One way to bridge the gap between our present and future self is by making a commitment to change, ideally a public one, as can be done on the website Stickk, for example. Pre-commitment to a goal is one aspect of the Save More Tomorrow initiative developed by the behavioral economist Richard Thaler. The program gives employees the option of pre-committing to a gradual increase in their savings rate in the future, each time they get a raise. It avoids the perception of loss that is felt with a reduction in disposable income (referred to as loss aversion by behavioral economists), because consumers commit to saving future increases in income. Individuals have to opt out if they later want to leave the program. This makes it more likely that people stick with the program, since most of us have a tendency for inaction (referred to as inertia by behavioral economists).
Some behavioral economists have used a present vs future self (‘dual-self’) model of impulse control and published utility functions, such as the following:
Mathematical approaches like these certainly occupy an important place in the advancement of (behavioral) economic theories. I would love to understand them, but as a psychologist I tend to work with simpler (statistical) methods. I also tend to be interested in research with more readily apparent practical implications. For example, one study suggests that behavior change could be achieved by helping people connect with their future self. It found that participants who were exposed to their future (as opposed to present) self in the form of an age-progressed avatar in virtual reality environments allocated twice as much money toward a retirement account.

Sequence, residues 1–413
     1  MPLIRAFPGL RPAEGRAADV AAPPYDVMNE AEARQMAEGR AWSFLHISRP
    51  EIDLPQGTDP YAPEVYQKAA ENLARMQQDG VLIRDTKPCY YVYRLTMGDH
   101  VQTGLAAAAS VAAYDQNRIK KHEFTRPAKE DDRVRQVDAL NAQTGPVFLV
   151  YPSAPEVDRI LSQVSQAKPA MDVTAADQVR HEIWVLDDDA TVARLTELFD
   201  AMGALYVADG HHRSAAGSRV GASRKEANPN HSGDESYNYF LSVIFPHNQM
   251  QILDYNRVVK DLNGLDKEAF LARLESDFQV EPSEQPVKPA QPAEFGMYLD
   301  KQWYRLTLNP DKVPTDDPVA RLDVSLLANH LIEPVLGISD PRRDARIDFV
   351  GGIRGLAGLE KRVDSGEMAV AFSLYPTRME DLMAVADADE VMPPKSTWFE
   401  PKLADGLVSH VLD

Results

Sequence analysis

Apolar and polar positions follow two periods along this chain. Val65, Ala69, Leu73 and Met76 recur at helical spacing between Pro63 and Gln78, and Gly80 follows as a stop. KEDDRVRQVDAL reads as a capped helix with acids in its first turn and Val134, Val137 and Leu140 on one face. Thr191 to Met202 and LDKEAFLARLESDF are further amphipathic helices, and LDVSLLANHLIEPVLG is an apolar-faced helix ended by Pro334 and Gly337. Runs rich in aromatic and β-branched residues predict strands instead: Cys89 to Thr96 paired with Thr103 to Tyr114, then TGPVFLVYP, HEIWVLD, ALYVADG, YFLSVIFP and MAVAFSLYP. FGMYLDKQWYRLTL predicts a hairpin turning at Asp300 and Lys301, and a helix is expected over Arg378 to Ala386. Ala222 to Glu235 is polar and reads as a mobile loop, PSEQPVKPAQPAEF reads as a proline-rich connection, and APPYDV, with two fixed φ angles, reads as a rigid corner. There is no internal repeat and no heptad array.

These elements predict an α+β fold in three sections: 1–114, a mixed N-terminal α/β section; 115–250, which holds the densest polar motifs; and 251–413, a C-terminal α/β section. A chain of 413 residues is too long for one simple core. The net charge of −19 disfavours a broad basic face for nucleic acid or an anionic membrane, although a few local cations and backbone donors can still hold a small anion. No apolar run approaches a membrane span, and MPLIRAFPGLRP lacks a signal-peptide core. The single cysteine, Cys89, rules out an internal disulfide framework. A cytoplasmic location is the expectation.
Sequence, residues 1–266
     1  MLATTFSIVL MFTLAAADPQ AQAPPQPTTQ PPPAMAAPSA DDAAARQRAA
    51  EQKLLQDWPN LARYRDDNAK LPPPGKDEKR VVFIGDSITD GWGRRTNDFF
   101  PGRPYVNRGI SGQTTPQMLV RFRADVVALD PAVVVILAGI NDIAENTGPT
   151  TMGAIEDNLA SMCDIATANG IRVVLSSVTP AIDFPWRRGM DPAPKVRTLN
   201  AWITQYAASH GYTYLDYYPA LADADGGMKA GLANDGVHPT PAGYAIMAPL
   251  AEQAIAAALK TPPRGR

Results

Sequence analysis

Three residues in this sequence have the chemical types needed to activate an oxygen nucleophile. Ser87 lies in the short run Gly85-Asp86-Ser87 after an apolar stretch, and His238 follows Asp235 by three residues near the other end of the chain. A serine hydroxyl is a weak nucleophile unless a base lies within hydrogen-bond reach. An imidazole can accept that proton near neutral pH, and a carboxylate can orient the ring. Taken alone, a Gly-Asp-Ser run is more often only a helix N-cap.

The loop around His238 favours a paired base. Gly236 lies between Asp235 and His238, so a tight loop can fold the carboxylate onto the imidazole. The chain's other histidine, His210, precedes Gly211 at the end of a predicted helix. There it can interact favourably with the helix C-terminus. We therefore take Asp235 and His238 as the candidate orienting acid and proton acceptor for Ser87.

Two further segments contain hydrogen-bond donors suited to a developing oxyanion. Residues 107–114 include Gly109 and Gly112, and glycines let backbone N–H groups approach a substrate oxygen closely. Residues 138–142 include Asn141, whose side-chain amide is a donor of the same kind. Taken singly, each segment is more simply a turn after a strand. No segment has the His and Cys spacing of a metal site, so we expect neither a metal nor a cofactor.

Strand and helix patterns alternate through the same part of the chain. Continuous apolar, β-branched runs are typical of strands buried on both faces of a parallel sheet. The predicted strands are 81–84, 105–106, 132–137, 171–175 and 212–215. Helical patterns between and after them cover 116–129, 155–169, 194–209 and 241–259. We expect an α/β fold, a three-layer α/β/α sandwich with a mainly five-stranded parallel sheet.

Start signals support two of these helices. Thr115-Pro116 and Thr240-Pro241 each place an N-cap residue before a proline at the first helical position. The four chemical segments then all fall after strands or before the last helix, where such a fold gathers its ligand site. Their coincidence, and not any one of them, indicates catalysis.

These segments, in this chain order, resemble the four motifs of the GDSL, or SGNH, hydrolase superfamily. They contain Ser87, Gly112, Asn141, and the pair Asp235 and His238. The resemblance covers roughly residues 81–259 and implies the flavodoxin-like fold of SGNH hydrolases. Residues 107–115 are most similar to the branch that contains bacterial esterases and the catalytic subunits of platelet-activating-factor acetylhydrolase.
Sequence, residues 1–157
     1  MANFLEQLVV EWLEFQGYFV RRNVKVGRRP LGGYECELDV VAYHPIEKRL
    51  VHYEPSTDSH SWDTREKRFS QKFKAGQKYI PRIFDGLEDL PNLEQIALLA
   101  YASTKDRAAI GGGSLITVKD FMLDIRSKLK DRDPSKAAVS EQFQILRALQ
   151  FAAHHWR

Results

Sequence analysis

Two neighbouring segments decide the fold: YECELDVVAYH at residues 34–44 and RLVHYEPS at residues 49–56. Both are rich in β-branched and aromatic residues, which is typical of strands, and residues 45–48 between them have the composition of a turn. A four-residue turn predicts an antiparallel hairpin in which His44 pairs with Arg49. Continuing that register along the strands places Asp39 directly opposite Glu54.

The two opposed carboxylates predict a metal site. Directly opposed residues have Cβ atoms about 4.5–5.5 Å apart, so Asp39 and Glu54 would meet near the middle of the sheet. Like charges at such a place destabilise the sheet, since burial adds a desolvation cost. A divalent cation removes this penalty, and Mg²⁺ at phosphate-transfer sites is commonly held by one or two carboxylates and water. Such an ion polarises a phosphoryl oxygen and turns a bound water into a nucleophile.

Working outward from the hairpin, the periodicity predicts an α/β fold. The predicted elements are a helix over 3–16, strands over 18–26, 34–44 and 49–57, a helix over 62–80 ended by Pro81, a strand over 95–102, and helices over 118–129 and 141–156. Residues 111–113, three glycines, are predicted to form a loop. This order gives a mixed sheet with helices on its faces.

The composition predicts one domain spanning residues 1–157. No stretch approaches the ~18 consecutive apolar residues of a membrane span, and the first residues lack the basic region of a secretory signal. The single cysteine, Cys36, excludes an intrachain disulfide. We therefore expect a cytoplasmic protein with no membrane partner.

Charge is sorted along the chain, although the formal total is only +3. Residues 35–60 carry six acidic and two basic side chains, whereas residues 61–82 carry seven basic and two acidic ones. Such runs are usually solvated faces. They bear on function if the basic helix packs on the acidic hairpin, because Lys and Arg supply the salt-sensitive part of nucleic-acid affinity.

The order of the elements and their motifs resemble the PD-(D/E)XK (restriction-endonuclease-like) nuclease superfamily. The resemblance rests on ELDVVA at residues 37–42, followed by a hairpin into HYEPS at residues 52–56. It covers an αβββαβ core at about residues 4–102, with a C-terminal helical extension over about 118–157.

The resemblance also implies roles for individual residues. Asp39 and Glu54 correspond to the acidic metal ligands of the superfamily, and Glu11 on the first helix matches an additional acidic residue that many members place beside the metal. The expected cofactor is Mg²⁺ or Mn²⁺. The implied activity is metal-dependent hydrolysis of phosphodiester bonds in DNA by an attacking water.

This wasn’t simply due to having been primed with the concept of aging. Another experiment showed that, compared to people who saw another person’s age-progressed image, those who were exposed to an age-progressed avatar of themselves were more likely to accept future financial rewards over immediate ones. Similar effects were found in a study that used less complex technology and incorporated age-progressed pictures in an online savings allocation task:
Software that allows users to see the possible outcome of unhealthy lifestyles via age-progressed imaging is already being developed successfully.